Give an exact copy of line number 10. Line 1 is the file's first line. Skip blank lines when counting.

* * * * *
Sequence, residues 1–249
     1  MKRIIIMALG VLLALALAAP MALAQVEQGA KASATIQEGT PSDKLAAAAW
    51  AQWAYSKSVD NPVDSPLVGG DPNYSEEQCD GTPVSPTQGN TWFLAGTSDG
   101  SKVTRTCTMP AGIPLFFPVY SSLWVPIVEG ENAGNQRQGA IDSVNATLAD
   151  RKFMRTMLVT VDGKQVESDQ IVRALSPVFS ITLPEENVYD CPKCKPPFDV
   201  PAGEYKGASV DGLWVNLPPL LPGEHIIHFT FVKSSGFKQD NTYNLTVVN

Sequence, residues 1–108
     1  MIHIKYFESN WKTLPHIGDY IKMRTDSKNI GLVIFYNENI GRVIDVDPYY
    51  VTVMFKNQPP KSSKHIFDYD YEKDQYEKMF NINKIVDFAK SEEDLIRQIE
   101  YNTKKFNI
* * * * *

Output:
   101  YNTKKFNI